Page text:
Lake Orion boarding house destroyed by fire in January finally razed

Lake Orion boarding house destroyed by fire in January finally razed

On Monday, work crews dismantled a historic home at 35 N. Broadway St. in downtown Lake Orion. The home, built in 1894, caught on fire on Jan. 14 and had sat vacant since. At the time of the fire the home was a boarding house with nine tenants, all of whom got out safely. Photo by Jim Newell


By Jim Newell
Review Editor
LAKE ORION — For more than 128 years a house has stood at 35 N. Broadway St. in downtown Lake Orion. A home for individual families and, most recently, a home for boarders who found family among their fellow tenants.


The demolition crew used an excavator to pull down the home. The crew had to work around the back of the Fork ‘n Pint building and Motor City Granite building (on the right). Photos by Jim Newell

Now that once richly inhabited home is a pile of debris and the lot where it stood a soon-to-be vacant hole on the village landscape.

Work crews demolished the home on Monday and began hauling away the wreckage on Tuesday.
Demolition was supposed to begin on Sunday, but equipment issues delayed work for a day. Broadway Street between Shadbolt and Flint streets was closed during the demolition.

Homeowner Cordell Krol bought the house in 2002 and ran it as a boarding house until the fire.
The house caught fire shortly before noon on Jan. 14, 2022, smoke billowing from the house in great dark clouds, rising into the bright afternoon sky, hanging ominously above the businesses and homes in downtown Lake Orion as firefighters fought to keep the fire from spreading.

There were concerns that the home may collapse during the winter.

All the tenants who were in the home at the time of the fire got out safely. It’s believed that the fire originated in the basement and was caused by the furnace.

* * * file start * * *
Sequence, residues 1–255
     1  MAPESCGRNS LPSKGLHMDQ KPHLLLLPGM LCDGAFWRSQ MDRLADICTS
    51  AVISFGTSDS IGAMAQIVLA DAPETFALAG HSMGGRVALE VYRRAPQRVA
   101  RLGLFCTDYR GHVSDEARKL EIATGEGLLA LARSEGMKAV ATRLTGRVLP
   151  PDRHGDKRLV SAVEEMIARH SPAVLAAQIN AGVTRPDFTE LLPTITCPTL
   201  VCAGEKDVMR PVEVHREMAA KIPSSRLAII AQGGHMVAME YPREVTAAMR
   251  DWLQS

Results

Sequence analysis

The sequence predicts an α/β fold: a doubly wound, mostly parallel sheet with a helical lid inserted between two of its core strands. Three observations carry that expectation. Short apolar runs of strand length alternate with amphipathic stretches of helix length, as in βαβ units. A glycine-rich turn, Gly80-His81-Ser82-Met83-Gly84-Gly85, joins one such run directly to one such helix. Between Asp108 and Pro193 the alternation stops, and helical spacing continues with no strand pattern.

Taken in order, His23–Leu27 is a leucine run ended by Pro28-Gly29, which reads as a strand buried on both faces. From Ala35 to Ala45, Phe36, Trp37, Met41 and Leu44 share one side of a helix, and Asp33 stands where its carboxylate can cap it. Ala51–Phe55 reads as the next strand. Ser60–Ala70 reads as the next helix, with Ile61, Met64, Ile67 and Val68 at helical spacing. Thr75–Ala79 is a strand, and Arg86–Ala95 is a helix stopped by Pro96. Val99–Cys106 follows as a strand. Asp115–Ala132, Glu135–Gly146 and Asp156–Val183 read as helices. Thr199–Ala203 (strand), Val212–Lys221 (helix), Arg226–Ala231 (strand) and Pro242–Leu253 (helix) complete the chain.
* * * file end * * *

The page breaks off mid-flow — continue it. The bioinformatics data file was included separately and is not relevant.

On Monday, Krol, 70, said he does not plan to rebuild on the site and has already received multiple inquiries from people interested in purchasing the property. He currently lives in another community with family.

The home had sat as a dilapidated burnt husk, with police caution tape around it and a note on the door telling people to keep out.

After sitting in that condition for 10 months, Lake Orion Police Chief Harold Rossman said it needed to come down. Rossman said they had been working with Krol and understood that he was working with his insurance company to arrange everything.

But with winter weather setting in, Rossman said he was concerned that heavy snow might collapse the structure.

The home sits between Motor City Granite and Fork ‘n Pint restaurant. Neither place was burned during the fire, but Motor City Granite did sustain water damage. Both businesses appeared to be undamaged during the demolition of the boarding house.

Orion Township Fire Chief Robert Duke was on the scene with his firefighters and command staff for the duration of the fire. Besides Orion Township Fire Department, fire departments from Oxford, Addison and Oakland townships responded and assisted.

Ladder trucks Orion and Oxford fire departments were stationed on Broadway Street at the front of the house, attacking the fire from the front and south side. Addison Township stationed a ladder truck on Shadbolt Street, attacking the fire from the north side of the house, while hoses were used to spray the back of the home.

And while firefighters bombarded the house with water and stopped it from spreading to the neighboring businesses, it did take a while to get the fire under control.

“It did (take a while), because of the house being built in the late 1800s, the balloon construction made it very difficult to compartmentalize with the configuration of the nine rooms in the house,” Duke said in January.

Balloon frame homes are those that use long wood studs for framing. It was the most common type of framing from the 1880s to the 1930s, according to the Craftsman Blog.

Balloon-frame homes present “unique firefighting problems because it lacks horizontal fire stops between the studs inside of the exterior walls,” according to, which provides information and resources for firefighters. Balloon-frame homes allow for fire to spread unimpeded from the basement to the attic in a matter of minutes.

A historical marker on the home states that the home was built in 1894.

This is at least the third major fire in downtown Lake Orion in the past 18 years.

Sagebrush Cantina caught fire around 7 a.m. on March 4, 2004. That fire spread to and destroyed neighboring businesses Kimberly Travel, Oldies Ice Cream, Coldwell Banker Shooltz Realty and Allstate Insurance. Broadway Records was severely damaged. Kimberly Travel and Oldies Ice Cream were never rebuilt, according to Lake Orion Review archives.

Nearly six years ago, shortly after 8 a.m. on Jan. 28, 2017, fire ravaged the Lake Orion Pet Centre building on the corner of Anderson and Flint streets. The rubble of that building – which had apartments above the first-floor businesses – was later demolished and today there is a parking lot on the site.

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